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The Supreme Court, EPA, and Chevron: The Uncertain Status of Deference to Agency Interpretations of Statutes

March 1995

Citation: 25 ELR 10127

Issue: 3

Author: Donald W. Stever, Eliza Dolin, and Edward Normand

Editors' Summary: The U.S. Supreme Court's 1984 landmark decision in Chevron U.S.A., Inc. v. Natural Resources Defense Council (Chevron) set out a two-step test for determining when to accord deference to federal agency interpretations of statutory provisions, holding that where a statute is ambiguous, the judiciary must defer to any reasonable interpretation offered by the agency charged with administering the statute. This Article examines City of Chicago v. Environmental Defense Fund and PUD No. 1 of Jefferson County v. Washington Department of Ecology, two 1994 cases in which the Supreme Court had to decide whether the U.S. Environmental Protection Agency's interpretations of environmental statutes were entitled to deference under Chevron. The authors point out that in both cases, the Supreme Court's application of the Chevron test focused primarily on whether the statute at issue was ambiguous, thus avoiding the second part of the Chevron inquiry. They discuss the "plain-meaning" approach to determining whether a statute is ambiguous, and the problems that approach faces with respect to increasingly detailed and complex environmental statutes. The authors conclude that the plain-meaning approach to statutory interpretation may have the effect of putting the courts, rather than the federal agencies, in the position of shaping environmental policy, ultimately changing Chevron from a doctrine of deference into a doctrine of antideference.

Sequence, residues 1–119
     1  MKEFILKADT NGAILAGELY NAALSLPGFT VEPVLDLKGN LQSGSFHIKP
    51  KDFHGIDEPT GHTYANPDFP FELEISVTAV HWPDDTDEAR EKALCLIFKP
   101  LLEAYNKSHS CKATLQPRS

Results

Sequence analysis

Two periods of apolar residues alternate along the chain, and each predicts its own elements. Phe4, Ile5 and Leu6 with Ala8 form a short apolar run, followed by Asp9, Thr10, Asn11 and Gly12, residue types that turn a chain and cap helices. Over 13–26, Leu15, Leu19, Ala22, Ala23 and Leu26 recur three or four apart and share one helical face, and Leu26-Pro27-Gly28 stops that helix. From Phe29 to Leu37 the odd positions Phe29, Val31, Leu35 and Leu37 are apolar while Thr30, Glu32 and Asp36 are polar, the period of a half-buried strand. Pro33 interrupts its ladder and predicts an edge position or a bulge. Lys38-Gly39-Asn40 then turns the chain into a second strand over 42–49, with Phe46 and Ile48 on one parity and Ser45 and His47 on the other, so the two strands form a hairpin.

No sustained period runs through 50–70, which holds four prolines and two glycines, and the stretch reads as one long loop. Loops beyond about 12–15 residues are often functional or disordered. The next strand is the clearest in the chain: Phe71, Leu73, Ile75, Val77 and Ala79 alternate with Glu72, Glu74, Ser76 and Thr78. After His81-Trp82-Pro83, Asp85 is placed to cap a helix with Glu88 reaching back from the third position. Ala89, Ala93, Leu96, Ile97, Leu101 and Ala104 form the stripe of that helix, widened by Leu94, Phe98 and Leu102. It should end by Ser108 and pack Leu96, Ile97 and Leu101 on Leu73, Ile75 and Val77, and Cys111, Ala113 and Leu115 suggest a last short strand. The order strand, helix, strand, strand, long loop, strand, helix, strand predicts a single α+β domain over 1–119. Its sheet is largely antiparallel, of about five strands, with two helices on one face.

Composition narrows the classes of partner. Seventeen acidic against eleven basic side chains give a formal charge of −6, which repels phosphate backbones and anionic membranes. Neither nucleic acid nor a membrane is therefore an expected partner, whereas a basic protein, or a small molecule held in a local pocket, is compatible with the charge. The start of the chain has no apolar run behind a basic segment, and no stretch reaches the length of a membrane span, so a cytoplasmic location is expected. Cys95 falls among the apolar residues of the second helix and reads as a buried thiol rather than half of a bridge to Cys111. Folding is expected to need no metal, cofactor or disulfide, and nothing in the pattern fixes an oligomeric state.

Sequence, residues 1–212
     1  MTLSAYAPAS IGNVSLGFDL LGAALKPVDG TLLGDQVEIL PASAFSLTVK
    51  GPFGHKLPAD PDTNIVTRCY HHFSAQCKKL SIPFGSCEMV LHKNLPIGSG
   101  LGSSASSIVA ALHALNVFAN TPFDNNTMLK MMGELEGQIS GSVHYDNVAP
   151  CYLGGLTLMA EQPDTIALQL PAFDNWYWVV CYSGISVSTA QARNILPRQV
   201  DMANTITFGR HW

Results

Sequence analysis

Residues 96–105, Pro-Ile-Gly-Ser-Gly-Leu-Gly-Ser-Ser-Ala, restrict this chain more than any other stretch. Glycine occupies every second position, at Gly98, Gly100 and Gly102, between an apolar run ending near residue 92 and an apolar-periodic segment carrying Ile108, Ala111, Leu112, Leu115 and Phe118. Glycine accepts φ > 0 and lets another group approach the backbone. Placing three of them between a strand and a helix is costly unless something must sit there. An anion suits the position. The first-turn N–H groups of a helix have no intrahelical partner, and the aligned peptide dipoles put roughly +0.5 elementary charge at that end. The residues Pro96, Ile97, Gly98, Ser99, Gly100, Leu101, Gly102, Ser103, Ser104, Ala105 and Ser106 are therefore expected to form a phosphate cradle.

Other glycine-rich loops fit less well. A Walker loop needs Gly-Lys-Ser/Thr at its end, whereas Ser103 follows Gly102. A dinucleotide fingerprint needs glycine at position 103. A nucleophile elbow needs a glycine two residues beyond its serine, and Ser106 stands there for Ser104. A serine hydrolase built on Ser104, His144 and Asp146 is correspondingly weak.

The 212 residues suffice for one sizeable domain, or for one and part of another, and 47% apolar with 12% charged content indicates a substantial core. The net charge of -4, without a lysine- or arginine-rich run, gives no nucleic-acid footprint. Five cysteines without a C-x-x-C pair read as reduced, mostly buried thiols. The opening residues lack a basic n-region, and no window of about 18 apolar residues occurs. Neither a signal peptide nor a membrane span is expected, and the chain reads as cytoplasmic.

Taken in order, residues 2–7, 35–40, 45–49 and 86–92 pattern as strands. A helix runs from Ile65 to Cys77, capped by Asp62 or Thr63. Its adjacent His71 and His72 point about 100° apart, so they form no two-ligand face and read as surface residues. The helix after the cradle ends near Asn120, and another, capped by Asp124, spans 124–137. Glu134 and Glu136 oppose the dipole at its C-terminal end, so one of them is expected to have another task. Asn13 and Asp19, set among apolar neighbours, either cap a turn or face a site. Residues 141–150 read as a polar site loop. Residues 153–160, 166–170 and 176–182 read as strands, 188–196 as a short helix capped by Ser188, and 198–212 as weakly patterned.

Mr. Stever is a partner in Dewey Ballantine's Environmental Practice Group. Ms. Dolin is a senior associate in Dewey Ballantine's Environmental Practice Group. Mr. Normand was a summer associate at Dewey Ballantine and is currently in law school at the University of Pennsylvania. He expects to receive his J.D. in 1995.

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